Which is correct and why?

Let's go hiking at the park.


Let's go hike at the park.

On the second example (hike), should that actually be let's go to hike at the park?

Also works for things like: skate/skating, bike/biking...

(I'm not sure if this is a duplicate because I'm not exactly sure what I should be searching for...?)

2 Answers 2


This involves the catenation of verbs (once you've sorted out the preposition if necessary).

We go / are going / went hiking

is a standard, accepted construction; come / go + -ing form. Quite a few other verbs catenate with the -ing form also.

And placing this after "Let's" poses no problems:

Let's go shopping / dancing / fishing / hiking.

But the other construction is not so easy to evaluate, being of the form verb + bare infinitive.

Here is found:

Catenative Verbs Followed by Bare Infinitive

Christophorsen and Sandred (1970:149) hold that there are few CVs followed by this type of complement. Among these CVs are: (1) help, (2) some verbs that may be combined with the BI of another verb in certain set phrases such as hear say, make believe, make do, (3) a number of combinations with the verb let such as let go [= release], let fly, let drop, etc., (4) some petrified phrases followed by BI such as had rather, had sooner, had better, etc. Consider the following examples: 2.77 I helped tidy up the room. 2.78 He let fly a string of abuse. 2.79 I heard say that he is back. 2.80 You had better go now. ...

In this pattern, only the verb help, and the petrified phrases can combine freely with the other verbs. Combinations such as let fly, make do, hear tell, hear say are virtually a closed set. They are fixed phrases or idioms (Palmer, 1974:160); (Chalker, 1984:149).

However, the bare infinitive is used, [p 48] especially in the US, in catenations with the verb go (but only in the infinitive):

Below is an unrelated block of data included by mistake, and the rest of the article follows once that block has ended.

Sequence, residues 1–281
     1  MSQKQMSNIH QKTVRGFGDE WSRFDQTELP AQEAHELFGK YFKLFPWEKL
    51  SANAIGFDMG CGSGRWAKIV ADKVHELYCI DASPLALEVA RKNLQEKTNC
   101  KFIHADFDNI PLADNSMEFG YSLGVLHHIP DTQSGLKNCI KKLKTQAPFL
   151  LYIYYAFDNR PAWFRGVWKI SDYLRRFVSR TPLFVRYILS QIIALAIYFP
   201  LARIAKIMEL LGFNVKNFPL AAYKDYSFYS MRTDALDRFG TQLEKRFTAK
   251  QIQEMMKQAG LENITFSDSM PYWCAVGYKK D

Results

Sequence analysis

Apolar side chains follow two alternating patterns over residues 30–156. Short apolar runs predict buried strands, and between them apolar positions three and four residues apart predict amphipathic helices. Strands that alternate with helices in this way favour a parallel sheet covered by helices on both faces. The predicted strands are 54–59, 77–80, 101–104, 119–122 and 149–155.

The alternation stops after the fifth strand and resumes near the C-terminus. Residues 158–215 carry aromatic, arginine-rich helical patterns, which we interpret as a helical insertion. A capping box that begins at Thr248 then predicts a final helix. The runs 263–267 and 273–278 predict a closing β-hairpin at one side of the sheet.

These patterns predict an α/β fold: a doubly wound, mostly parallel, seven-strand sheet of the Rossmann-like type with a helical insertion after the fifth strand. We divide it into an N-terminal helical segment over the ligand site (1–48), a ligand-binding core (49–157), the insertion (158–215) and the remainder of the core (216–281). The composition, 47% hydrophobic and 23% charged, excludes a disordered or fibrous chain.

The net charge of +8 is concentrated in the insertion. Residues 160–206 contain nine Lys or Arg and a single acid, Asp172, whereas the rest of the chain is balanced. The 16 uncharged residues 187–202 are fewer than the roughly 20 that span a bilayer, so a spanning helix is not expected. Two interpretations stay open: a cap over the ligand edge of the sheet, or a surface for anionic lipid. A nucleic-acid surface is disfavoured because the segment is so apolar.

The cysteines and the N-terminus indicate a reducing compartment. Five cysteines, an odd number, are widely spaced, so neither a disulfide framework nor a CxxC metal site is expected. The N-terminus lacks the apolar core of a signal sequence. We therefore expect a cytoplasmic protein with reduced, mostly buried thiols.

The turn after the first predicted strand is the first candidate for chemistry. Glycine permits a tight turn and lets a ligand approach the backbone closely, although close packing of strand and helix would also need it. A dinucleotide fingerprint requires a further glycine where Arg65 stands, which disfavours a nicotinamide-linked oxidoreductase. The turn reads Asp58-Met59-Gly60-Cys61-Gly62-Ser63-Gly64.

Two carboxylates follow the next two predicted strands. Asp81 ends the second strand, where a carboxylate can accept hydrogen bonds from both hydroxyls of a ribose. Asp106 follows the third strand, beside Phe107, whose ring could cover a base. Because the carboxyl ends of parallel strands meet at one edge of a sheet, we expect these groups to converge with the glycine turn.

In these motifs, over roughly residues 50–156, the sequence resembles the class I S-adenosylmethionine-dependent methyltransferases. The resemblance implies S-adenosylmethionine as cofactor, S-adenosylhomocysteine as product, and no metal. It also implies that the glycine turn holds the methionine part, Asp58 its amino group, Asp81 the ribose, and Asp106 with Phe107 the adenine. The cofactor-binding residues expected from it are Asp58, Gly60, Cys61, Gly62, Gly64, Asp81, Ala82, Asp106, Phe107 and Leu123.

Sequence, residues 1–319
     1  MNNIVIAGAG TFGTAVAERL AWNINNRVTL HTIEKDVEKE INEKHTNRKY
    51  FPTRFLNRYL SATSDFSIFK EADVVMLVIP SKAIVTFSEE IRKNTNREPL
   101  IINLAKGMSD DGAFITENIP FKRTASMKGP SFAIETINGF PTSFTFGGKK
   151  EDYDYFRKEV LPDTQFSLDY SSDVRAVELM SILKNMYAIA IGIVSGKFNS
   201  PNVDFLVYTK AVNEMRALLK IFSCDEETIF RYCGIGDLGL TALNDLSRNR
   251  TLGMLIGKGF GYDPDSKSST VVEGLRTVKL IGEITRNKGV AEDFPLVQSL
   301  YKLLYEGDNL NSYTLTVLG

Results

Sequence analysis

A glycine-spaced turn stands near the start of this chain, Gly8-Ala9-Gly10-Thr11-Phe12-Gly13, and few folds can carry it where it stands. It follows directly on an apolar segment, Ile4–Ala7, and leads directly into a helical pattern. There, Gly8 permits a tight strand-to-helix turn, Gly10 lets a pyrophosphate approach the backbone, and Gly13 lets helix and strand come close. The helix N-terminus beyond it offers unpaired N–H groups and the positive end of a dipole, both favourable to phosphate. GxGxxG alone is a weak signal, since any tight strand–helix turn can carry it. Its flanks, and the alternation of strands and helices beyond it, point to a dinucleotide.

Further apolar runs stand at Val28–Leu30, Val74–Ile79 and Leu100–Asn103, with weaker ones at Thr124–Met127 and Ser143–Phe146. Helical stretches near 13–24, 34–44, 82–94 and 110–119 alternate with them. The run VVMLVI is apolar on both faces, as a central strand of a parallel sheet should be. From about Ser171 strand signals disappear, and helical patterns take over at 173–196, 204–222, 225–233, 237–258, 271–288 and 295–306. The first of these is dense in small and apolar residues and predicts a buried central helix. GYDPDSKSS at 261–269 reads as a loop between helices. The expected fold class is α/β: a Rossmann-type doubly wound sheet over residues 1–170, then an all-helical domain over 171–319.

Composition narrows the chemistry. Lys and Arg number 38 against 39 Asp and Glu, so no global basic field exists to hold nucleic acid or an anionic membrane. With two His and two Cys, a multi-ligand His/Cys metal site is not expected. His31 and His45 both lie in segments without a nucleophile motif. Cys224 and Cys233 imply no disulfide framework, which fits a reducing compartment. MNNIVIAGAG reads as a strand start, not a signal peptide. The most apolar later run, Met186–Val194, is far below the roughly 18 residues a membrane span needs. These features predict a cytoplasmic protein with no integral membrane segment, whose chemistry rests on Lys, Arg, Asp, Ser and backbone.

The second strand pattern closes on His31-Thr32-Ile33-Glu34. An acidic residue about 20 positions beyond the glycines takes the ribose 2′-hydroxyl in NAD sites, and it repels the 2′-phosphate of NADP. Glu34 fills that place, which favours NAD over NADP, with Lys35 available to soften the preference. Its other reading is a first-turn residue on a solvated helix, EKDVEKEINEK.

Go fly a kite!

Go take a hike! (BrE would usually have 'Go and take a hike!')

Let's go take a ride.

Let's go hike the Palos Trail System.

Let's go hike in the Appalachians.

*He went take a ride.


A native speaker would say neither, because in this context the preposition needed is not at but in. Your sentence would normally occur as Let’s go for a hike in the park. However, in the UK at least, parks, unless you mean national parks, are not places where you go for a hike. In a city park, you go for a walk.

  • Agreed Barrie. The same is true in the US. Although a national park is not required for a hike, typically the verb hiking is used to describe the act of walking on a "hiking trail" (usually in hilly or mountainous terrain.)
    – Lumberjack
    Oct 25, 2013 at 18:38
  • It depends on the park— even in those in the middle of big cities. Visiting Rock Creek Park, Griffith Park, or Balboa Park may not exactly be a trek on the Muir Trail, but would certainly be more of a hike than a stroll or a jog.
    – choster
    Oct 25, 2013 at 19:00
  • It sounds like we are all in agreement that hiking carries a certain connotation that is not implicit in all forms of walking.
    – Lumberjack
    Oct 25, 2013 at 19:11

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